CJ, your welcome around my house for Sunday lunch any day. Roast pork was it?

book review

Monday, 7 November 2011

Jason Griffiths: A Guide to the Essential Indifference of American Suburban Housing

Last week I attended a lecture given by Jason Griffiths, Assistant Professor at the University of Arizona entitled 'A Guide to the Essential Indifference of American Suburban Housing'. Generally as a student keen to explore the the more unconventional and often bizarre in architecture, the title did not immediately appeal to me, however I found myself pleasantly surprised by both the talk and Jason himself. The lecture was as much a summary with highlights of the highly detailed documentation process of hundreds of American suburban houses and their features, that Jason and his partner had undertaken over the past year, as it was a comment on the difference in taste levels and common modern day vernaculars between the USA and the UK. I found particular interesting the irony behind certain traits and features found in the suburban home, and found myself questioning whether it was the years of architecture school or the middle class British upbringing in me that had formed the my architectural aesthetic - one that was truly appalled yet strangely seduced by this vernacular. Overall, I found the talk both interesting and inspiring, suffice to say, I'm looking forward to including some white weatherboard paneling, garage windows and push out fireplaces in my next building design. Watch out CSA the Yanks have arrived. 

read the review here

Saturday, 22 October 2011

Bruno Taut's 'Down with Seriousism'

Although written nearly over a century ago, Bruno Taut's famous rant 'Down with Seriousism' still, for me, seems entirely relevant today.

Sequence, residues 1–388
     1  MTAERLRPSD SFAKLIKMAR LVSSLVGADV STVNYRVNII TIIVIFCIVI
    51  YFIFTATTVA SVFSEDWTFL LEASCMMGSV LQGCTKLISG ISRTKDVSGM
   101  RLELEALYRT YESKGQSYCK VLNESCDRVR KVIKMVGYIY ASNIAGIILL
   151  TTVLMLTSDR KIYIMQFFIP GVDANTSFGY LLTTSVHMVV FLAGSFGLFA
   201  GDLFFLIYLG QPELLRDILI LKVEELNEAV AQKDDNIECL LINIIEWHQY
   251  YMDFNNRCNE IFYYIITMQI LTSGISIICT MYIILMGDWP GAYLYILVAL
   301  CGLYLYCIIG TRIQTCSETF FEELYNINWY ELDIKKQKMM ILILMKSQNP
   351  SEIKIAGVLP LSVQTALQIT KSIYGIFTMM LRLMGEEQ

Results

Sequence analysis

Bruno Taut - Down with Seriousism - 1920
'Away with the sourpusses, the wailing Willies, the sobersides, the brow furrowers, the eternally serious, the sweet-sour ones, the forever important!
‘Important! Important!’ This damned habit of acting important! Tombstone and cemetery fa├žades in front of junk shops and old clothes stores! Smash the shell-lime Doric, Ionic and Corinthian columns, demolish the pinheads! Down with the ‘respectability’ of sandstone and plate-glass, in fragments with the rubbish of marble and precious wood, to the garbage heap with all that junk!
‘Oh, our concepts: space, home, style!’ Ugh, how these concepts stink! Destroy them, put an end to them! Let nothing remain! Chase away their schools, let the professorial wigs fly, we’ll play catch with them. Blast, blast! Let the dusty, matted, gummed up world of concepts, ideologies and systems feel our cold north wind! Death to the concept-lice! Death to everything stuffy! Death to everything called title, dignity, authority! Down with everything serious!
Down with all camels that won’t go through the eye of a needle, with all worshippers of Mammon and Moloch! ‘The worshippers of force must knuckle under to force!’ We are sick of their bloodsucking - caterwauling in the early light.
In the distance shines our tomorrow. Hurray, three times hurray for our kingdom without force! Hurray for the transparent, the clear! Hurray for purity! Hurray for crystal! Hurray and hurray again for the fluid, the graceful, the angular, the sparkling, the flashing, the light - hurray for everlasting architecture!'